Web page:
Currently, I am advising an industrial manufacturing company on the sale of a division. This project reminds me of the disciplined process our deal team at Primedia/Intertec used for many years to execute probably 30 plus buy/sell transactions over just a few years. Back in the day, we essentially functioned as a deal factory while we executed a leveraged roll-up business model for a PE firm.
On a consistent basis, we were evaluating, negotiating, integrating and selling businesses. Often, we had 4 to 6 deals in one stage or another of the process at any one time.
Working with this volume of deals lead us, over time, to develop a highly disciplined M&A and deal integration process. Our process was totally dependent on an internal team of experts. That team functioned like a well-oiled machine, required a tremendous amount of mutual trust and over-the-top inter-team communications.
Most often, the team consisted of at least 6 executives/department experts. They included:
- VP of M&A and Strategic Planning
- VP of Production and Manufacturing
- Division Executive who would own responsibility for the business once acquire
With my current industrial manufacturing client, we recently met with a potential strategic acquirer who is also on an aggressive acquisition growth track. They arrived for a meeting with my client and, like we used to do back in the day, brought in their corporate team of experts. Deal Team 6.
They had clearly done their homework on the business, reviewed all of the material on the business in detail. They proceeded to utilize meeting time in a highly efficient and effective manner to extract the maximum amount of diligence information.
This company’s M&A/deal team worked in tandem. They easily played off of each other’s questions, based on the answers they received. So often, an unexpected answer to one specialized department question has ramifications for another discipline in the company that can often have serious ramifications for the successful integration of the business if not fully explored.
In all cases, the CEO wisely deferred to his team to go through their specialized diligence check lists. At the right time, he would add the appropriate context or clarification question as required to fill in the blanks on a big picture basis. This gave him invaluable info needed to best assess how this potential acquisition would fit with his company strategically, technically and, not to be under-emphasized, culturally.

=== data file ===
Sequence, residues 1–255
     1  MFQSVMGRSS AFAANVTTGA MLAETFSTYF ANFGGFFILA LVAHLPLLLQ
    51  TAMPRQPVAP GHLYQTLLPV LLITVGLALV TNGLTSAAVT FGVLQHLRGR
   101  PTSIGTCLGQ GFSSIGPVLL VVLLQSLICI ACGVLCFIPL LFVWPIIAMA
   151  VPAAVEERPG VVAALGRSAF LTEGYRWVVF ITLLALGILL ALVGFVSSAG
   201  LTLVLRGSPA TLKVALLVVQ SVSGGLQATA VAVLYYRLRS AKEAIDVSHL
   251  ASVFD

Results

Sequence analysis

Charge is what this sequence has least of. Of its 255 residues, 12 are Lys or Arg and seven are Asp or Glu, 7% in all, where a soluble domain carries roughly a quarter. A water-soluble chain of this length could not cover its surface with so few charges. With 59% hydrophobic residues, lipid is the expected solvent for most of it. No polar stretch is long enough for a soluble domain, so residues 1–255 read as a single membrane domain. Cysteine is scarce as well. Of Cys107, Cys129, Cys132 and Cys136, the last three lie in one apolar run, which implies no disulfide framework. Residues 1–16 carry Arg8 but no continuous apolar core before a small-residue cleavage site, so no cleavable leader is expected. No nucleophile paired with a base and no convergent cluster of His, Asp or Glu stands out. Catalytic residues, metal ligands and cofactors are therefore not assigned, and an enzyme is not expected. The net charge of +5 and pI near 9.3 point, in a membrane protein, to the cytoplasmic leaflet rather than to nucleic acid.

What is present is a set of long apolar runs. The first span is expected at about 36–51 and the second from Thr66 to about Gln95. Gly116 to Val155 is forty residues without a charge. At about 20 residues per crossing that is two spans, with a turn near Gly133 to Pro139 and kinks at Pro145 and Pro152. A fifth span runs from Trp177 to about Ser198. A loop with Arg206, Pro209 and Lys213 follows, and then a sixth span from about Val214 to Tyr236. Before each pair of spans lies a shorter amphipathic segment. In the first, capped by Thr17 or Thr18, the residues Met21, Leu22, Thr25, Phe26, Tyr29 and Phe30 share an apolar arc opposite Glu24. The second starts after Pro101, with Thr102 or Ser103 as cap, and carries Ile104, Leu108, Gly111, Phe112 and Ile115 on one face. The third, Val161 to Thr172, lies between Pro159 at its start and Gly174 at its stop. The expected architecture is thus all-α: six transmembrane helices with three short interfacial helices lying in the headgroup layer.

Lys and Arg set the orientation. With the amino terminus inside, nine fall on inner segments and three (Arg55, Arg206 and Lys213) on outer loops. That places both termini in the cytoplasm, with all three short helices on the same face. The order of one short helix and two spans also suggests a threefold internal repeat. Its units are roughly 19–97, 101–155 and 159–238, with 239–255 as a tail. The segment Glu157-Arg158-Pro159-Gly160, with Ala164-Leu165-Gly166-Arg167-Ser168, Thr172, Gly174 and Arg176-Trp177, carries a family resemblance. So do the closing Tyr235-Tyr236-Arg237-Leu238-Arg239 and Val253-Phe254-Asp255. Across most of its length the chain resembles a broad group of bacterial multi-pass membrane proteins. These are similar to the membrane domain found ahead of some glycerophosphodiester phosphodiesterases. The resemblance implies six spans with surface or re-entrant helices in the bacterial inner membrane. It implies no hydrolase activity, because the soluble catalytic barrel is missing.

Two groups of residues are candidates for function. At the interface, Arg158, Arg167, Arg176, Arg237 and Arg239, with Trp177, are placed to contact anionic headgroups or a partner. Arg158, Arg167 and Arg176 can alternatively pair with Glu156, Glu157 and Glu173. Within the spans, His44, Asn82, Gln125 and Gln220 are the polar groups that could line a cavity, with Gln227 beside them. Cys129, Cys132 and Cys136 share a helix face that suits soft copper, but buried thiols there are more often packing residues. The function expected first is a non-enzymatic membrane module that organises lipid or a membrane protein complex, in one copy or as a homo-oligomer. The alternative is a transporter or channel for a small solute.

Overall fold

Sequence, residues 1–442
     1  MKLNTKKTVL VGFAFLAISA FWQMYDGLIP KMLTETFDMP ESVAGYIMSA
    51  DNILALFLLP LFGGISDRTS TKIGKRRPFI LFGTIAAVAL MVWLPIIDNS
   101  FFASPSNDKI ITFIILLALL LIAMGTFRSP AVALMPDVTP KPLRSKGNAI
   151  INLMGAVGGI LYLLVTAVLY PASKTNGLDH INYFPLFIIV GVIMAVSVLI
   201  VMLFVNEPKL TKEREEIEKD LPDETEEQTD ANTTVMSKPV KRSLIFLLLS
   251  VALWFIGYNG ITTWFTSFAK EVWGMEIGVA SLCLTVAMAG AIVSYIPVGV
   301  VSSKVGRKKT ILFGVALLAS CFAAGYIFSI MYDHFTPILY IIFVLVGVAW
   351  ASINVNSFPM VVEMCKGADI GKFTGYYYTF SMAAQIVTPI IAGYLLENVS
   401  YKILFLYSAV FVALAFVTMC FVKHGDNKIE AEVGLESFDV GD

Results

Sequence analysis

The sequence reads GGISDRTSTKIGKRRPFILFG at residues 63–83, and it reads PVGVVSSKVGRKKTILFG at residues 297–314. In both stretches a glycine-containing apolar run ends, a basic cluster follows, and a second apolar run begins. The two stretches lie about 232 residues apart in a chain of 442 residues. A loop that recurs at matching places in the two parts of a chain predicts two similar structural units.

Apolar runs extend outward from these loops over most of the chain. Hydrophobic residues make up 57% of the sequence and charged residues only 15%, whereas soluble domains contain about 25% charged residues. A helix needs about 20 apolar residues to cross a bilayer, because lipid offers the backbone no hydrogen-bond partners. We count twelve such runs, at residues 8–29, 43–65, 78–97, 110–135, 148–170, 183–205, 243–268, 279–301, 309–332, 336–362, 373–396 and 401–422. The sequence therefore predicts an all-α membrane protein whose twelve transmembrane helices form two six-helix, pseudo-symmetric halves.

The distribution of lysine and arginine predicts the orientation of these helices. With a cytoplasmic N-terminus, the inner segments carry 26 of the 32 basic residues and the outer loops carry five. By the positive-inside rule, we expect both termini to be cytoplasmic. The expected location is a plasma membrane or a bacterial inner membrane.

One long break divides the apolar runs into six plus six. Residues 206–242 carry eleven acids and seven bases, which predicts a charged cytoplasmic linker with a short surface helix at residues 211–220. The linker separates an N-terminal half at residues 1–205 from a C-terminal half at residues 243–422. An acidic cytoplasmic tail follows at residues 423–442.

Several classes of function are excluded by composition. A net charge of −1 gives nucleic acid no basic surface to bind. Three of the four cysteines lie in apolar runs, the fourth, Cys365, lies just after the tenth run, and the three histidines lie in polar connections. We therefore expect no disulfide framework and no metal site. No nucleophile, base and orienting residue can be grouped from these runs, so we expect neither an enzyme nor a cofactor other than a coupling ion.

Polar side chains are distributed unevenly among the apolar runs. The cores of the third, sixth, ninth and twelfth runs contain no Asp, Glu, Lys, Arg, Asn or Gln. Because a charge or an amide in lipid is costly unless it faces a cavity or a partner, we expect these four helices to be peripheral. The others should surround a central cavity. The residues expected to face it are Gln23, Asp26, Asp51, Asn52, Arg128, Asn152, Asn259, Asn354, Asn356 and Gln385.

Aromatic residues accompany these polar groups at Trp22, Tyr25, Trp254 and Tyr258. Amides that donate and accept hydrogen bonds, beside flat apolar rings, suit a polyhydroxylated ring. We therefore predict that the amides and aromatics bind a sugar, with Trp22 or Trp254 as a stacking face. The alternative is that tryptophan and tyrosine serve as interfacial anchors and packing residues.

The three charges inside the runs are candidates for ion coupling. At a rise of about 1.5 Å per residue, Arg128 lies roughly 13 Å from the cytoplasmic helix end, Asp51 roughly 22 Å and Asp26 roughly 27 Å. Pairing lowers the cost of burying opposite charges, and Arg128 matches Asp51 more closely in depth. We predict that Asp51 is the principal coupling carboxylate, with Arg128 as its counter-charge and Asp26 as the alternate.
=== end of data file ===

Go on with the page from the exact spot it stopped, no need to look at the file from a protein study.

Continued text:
Here are 4 key reasons why this disciplined team approach to acquisition assessment is so effective and leads to a much higher rate of successful business integration.
- Every member of the team, hears all questions and answers. This builds a broad understanding of and far deeper background on the business than can possibly be gained from reading a Deal Book or gaining knowledge second-hand from someone who was there.
- Each Deal Team 6 member gains an understanding of the business on an intuitive level as well. They see the facilities and gain an intangible perspective on the business that can only be developed by meeting the selling company management face-to-face. There’s an element of context and intent that adds invaluable color to what otherwise might simply be a sterile, factual or suspicious answer to a question. To put it another way, it’s one thing to look at a photo of the Eifel Tower but something completely different to experience it in person.
- Once the deal is done, The Deal Team 6 then owns the responsibility to effectively integrate the new business into the parent company. There is a tremendous art and science to deal integration that I will address in a separate blog. Needless-to-say, deal integration success improves exponentially with a Deal Team in place and a highly organized and disciplined process.
- If the CEO allows his Deal Team 6 to openly assess the Strengths, Weaknesses, Opportunities and Threats of the deal at the end of the diligence process and those attributes are heard and fully vetted, the Team becomes more cohesive and motivated to deliver results because they were heard and concerns and ideas were addressed should the CEO choose to close the deal.
Merger, acquisition and integration work is a combination of art and science. It is infinitely more effective and successful if approached on a team basis, leveraging the collective knowledge and experience and, with a rigorous process in place.
Note: If you have an interesting and/or educational CEO story of Head Noise caliber, write to me at email@example.com. I’d love to speak with you and share your story in my Head Noise blog. You can tell your story either on the record or, without attribution.
Cameron Bishop is a partner with The Capitus Group. The firm provides comprehensive business value enhancement and transition strategy solutions. Partners and Advisory Directors comprise an experienced team of business professionals who have successfully owned, run, grown and sold companies. Capitus utilizes proven value enhancement and risk reduction techniques to enable superior transition options.